Social and therapeutic horticulture: evidence and messages from research

Thrive; University of Loughborough. Centre for Child and Family Research
Publication year:
60p., bibliog.
Place of publication:

Gardening and horticulture, in many different forms, have been used as a therapy or as an adjunct to therapy in the treatment of illness and disease. They have also been used to achieve social and psychological benefits for disadvantaged individuals and communities, and have been used to promote health, physical and psychological well-being. Analysis of 131 texts presented in this review provides evidence on the outcomes and effectiveness of horticulture and gardening in a number of different therapeutic settings and with different groups of people. The review presents this evidence and draws it together to create a synthesis and a model that will help to explain the processes and outcomes. While there is clear evidence that the outcomes of social and therapeutic horticulture can be positive and multifaceted, for example, in promoting health gain, general well-being, social cohesion, employment, skills development etc. there seems little doubt that this evidence base is currently under-developed and, at times, lacking in scientific rigour. Evidence can take many forms, from the anecdotal and descriptive through to rigorous academic research. This review draws on all these forms of evidence, but as the authors argue, it is evidence from systematic and analytical research which forms the best basis for the development of understanding, policy and practice. The underlying messages from this review concern not just the outcomes of social and therapeutic horticulture but also how fertile an area this is for future research.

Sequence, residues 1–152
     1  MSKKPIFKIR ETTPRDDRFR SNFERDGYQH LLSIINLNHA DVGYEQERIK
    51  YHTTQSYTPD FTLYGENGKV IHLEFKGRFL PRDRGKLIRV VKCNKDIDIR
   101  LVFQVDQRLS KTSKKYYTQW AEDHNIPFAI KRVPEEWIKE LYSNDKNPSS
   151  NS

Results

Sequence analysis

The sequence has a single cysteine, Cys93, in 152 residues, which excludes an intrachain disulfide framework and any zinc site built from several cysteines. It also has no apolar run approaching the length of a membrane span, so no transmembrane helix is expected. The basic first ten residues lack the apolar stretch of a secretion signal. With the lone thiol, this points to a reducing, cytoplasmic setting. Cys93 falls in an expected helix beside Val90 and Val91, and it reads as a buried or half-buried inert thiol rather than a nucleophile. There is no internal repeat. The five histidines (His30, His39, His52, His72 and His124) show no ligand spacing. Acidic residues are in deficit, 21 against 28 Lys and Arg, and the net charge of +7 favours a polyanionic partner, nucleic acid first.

Subject terms:
leisure activities, literature reviews, social skills, therapeutic horticulture, employment, evidence-based practice, gardening;
Content type:
ISBN print:
0 907274 29 3

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